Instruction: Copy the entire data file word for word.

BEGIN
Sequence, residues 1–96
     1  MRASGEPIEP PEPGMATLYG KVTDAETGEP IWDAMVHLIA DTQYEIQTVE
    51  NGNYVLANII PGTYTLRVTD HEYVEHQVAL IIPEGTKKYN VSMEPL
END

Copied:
Sequence, residues 1–96
     1  MRASGEPIEP PEPGMATLYG KVTDAETGEP IWDAMVHLIA DTQYEIQTVE
    51  NGNYVLANII PGTYTLRVTD HEYVEHQVAL IIPEGTKKYN VSMEPL